Before the B-1 was denuclearized by the Strategic Arms Reduction Treaty, it was able to carry the massive AGM-86 on external pylons. Today, there are a number of conventional variants of this missile — and maybe it’s time to let the B-1 carry those again. Besides, the Russians are cheating on some arms-control treaties, why shouldn’t the B-1 get ALCMs again?
This test of a GBU-24 shows this bomb’s precision and power.
4. GBU-24 Paveway laser-guided bomb
GPS is nice but, sometimes, you need a bit more precision than GPS guidance can provide. Or perhaps you just want more oomph than the 500-pound GBU-54 can provide. In either case, the GBU-24 fits the bill nicely, since it’s based on the Mk 84 2,000-pound bomb.
The ADM-160 is perhaps one of the most diabolical weapons the Air Force could add to the B-1B Lancer.
5. ADM-160 Miniature Air-Launched Decoy
Okay, this one doesn’t go boom, but the ADM-160 messes up enemy defenses by presenting a lot of false targets. At just 100 pounds, a single B-1 could easily send a few dozen towards an enemy to simulate a massive raid. The enemy, in response, would likely light off radars and shoot missiles at the swarm of decoys. Meanwhile, real strikes will hit targets, which may be the very radars and missile sites busy trying to shoot down the decoys.
What bombs would you like to see the Air Force equip the Lancer with? Let us know in the comments below!
DARPA wants Navy SEALs to be more seal-like, so they invented PowerSwim.
“Technically it’s called an oscillating foil propulsion device,” DARPA program manager Jay Lowell says, in a video from DARPA TV. “That’s a really fancy way of saying it’s a wing that helps push a diver through the water.”
The typical swimmer fins are no more than 15 percent efficient in their conversion of human exertion. By contrast, PowerSwim helps divers swim 80 percent more efficient. This dramatic improvement in swimming efficiency will enable a subsurface swimmer to move up to two times faster than what’s currently possible, improving performance, safety, and range, according to DARPA.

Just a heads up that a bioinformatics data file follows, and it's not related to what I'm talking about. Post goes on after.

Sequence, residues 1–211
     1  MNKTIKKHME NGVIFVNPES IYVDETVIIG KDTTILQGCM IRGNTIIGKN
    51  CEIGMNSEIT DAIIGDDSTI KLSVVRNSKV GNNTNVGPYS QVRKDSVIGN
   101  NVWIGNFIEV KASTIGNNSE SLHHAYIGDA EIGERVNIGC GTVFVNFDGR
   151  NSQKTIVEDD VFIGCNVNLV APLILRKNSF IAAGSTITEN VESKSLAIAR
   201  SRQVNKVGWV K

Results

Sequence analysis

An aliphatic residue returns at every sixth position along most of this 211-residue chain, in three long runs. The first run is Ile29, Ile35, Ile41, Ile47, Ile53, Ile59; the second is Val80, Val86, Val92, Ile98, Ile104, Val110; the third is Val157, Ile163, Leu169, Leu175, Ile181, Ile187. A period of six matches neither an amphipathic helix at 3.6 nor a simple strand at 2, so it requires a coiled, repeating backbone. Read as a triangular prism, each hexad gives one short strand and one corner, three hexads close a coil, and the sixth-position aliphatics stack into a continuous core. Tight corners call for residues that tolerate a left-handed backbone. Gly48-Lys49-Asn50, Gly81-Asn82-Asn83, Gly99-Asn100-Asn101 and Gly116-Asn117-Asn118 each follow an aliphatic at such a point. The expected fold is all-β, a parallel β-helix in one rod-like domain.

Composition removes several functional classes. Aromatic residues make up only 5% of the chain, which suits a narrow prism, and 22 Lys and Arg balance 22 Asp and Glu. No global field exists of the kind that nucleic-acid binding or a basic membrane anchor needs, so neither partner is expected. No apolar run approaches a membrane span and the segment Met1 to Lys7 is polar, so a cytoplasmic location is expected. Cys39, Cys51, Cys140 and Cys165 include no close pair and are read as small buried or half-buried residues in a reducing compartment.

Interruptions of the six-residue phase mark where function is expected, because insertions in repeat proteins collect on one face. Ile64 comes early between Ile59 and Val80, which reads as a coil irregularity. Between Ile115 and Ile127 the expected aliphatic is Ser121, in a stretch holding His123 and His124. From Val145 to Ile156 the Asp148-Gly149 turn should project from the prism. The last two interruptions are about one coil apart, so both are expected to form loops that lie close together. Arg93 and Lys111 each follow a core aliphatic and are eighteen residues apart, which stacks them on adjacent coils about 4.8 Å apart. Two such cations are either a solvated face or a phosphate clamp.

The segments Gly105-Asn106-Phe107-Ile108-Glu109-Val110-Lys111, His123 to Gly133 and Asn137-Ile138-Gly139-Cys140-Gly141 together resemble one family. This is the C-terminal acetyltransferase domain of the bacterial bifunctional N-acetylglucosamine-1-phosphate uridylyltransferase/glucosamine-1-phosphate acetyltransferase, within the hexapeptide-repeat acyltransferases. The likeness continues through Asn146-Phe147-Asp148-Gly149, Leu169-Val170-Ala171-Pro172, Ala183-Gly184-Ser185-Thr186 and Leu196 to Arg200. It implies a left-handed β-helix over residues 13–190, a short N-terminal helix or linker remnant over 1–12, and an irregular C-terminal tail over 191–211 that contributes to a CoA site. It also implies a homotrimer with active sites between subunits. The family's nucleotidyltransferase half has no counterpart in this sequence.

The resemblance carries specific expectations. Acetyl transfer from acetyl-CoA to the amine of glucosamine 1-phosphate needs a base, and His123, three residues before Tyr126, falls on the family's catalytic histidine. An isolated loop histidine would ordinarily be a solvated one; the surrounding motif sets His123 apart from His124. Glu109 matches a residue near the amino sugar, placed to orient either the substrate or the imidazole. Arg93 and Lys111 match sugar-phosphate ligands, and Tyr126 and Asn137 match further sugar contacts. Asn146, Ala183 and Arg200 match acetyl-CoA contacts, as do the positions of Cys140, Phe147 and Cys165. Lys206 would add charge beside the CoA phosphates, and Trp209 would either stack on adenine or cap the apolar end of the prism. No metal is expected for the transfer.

If you pointed to the bullet-holder-thingy on the left, congratulations! You know your weapons. Or you’re gifted at taking stupid tests. Either way, you’ve got a bright future here in America.
While people often confuse the terms, clips and magazines serve different purposes. The simple way to think of it is this: the magazine feeds the weapon whereas the clip feeds the magazine.
A magazine is what you’re used to seeing in films or loading into your weapon or snuggling with at night.
Don’t google “gun jokes” — it’s depressing af. (Image of 9mm magazine via wiki user Scoo)
The magazine stores ammunition and feeds it to the weapon. It commonly holds rounds under spring pressure for fast loading into the chamber. The name comes from the French word for storehouse or storage place, but some guy in this forum says the word goes back to the time of Christ, and dammit, I believe him.
(I don’t. I’m not saying Mike is a liar, I’m just saying I need to see some proof.)
“Measured by its major accident rate per 100,000 flight hours, which is the military standard, the Harrier is the most dangerous plane in the U.S. military,” said Los Angeles Times reporter Alan C. Miller in the video below. “Overall the Marines have lost more than one-third of the entire Harrier fleet to accidents.”
The first Harrier model, the AV-8A had a Class A mishap rate of 31.77 accidents per 100,000 flight hours. The Marines improved the rate to 11.44 per 100,000 hours with the introduction of the AV-8B in the mid-1980s, according to Miller.
By contrast, the Harrier has more than twice the accident rate of the F-16, more than three times the rate of the F/A-18, and about five times the rate of A-10.
Despite its astronomical accident rate, the fighter is beloved and remains in service more than 40 years since its introduction in 1971.
“One Marine general who flew the plane early on described it as an answer to a prayer,” Miller said.
The Corps’ need for an aircraft with a vertical landing and short takeoff capability can be traced to the 1942 Battle of Guadalcanal. The Marines lost over 1,000 men during that fight and felt abandoned by the Navy to fend for themselves.
“Since then, the precept that the Marines in the air should protect the Marines on the ground has been an essential part of the Corps’ ethos,” Miller said.
This History Channel video shows how the Harrier supports the Marine Corps’ mission to fight anywhere, anytime regardless of the risks: